Ask any CIO what they like about the cloud and you’ll get a variety answers: it’s simpler, it’s cheaper, it’s more efficient, it’s more scalable, etc. Ask them what they don’t like about the cloud and the answer is almost uniformly the same: security. Year after year, a perceived lack of security is the number one concern that keeps CIOs from fully investing in the “common” (i.e., public) cloud.
There are, of course, alternatives to putting everything into the public cloud. Many enterprises continue to use premises-based IT solutions as both a way to leverage their existing skill sets and maximize the ROI from their hardware/software investments. In fact, many enterprises have decided that a half-in/half-out approach to the cloud (frequently called a hybrid cloud) is the best strategy. But does a hybrid cloud represent a compromise between security and cost-efficiency, or can it actually enhance an enterprise’s security position?
5. Data security
Moving data from a private to a public network should naturally make a CIO nervous. Personally identifiable information like customer database records or credit card transactions are particularly sensitive, as compromised data can lead to lost customer trust and, ultimately, lost revenue. One of the advantages of a hybrid cloud is the ability to store highly sensitive data internally, but access it externally (and securely) via cloud-based applications. So long as secure access methods (VPN tunnels, authentication, encryption) are in place, a hybrid cloud can afford enterprises the best of both worlds in terms of data security and data mobility.
4. Industry compliance
Industry compliance requirements may look like alphabet soup to some—SOX, HIPAA, PCI—but enterprises need to follow them to the letter if they wish to protect their data and avoid hefty fines. This is why many hybrid cloud service providers make significant investments to ensure that their cloud platforms are industry compliant. As a result, businesses can find that a hybrid cloud solution actually gives them an advantage in terms of industry compliance without taking the burden on themselves.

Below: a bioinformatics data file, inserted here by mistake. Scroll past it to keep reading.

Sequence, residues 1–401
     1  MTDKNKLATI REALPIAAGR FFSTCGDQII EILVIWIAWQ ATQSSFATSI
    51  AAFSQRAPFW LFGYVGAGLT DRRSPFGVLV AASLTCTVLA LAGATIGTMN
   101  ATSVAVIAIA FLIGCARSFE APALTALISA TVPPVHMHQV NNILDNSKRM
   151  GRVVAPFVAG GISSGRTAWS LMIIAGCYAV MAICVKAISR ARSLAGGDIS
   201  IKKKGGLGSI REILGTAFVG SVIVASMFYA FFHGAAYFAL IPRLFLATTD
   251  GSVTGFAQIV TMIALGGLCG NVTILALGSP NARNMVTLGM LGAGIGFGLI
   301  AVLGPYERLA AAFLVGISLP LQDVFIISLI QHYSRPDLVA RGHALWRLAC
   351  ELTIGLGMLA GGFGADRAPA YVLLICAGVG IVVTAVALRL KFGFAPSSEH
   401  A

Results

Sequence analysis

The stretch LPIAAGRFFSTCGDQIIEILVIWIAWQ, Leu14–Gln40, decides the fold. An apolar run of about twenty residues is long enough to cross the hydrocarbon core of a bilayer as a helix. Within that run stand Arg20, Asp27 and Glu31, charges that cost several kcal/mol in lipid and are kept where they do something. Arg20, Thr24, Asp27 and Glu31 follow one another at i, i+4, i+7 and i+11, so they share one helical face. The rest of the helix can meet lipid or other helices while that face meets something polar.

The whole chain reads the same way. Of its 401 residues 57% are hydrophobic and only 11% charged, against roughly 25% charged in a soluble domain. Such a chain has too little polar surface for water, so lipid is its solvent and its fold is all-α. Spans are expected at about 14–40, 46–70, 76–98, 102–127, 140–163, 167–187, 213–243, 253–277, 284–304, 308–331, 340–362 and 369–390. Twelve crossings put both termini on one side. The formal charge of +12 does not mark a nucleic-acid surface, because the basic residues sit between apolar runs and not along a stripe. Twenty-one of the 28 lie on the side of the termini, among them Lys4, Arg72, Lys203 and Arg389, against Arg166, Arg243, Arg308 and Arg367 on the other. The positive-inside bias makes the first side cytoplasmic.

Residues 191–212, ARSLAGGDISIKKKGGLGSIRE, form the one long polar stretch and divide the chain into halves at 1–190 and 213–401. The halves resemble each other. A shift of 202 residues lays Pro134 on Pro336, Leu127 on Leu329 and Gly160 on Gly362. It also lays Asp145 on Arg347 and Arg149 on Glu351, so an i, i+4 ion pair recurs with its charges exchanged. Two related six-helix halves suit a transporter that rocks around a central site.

3. Business continuity / Disaster recovery
This is one area where the cloud excels because of its natural redundancy and high availability. The benefit of deploying a hybrid cloud platform is the ability to back up internal applications and data in a separately maintained cloud to provide seamless disaster recovery and business continuity in the event of an internal network/hardware failure. Some hybrid clouds even offer geo-redundant servers so that no single point of failure exists in the cloud.
2. Network security
Any reputable hybrid cloud service will feature perimeter security (e.g., firewalls) to protect against unauthorized network entry. Some cloud providers, however, go beyond that to provide deeper levels of security through technologies like network virtualization and micro-segmentation that protect data and applications within the network as well. Here again, leveraging a cloud provider’s investments in security skills and technology can pay dividends to enterprises that may not have the same depth of skills and solutions in their own network.
1. Security control / Management
One of the common critiques against public cloud platforms is a perceived lack of control over security settings. Some hybrid cloud platforms address this issue by allowing their “tenants” to carry over security policies from their private cloud or internal data center to make security seamless between the public and private realms. In addition, hybrid cloud providers may offer a robust set of role-based security controls that allow IT administrators to tweak or change their security settings as needed.
Learn more about the cloud communications systems and on-premises communications systems that you can combine to create a hybrid cloud system >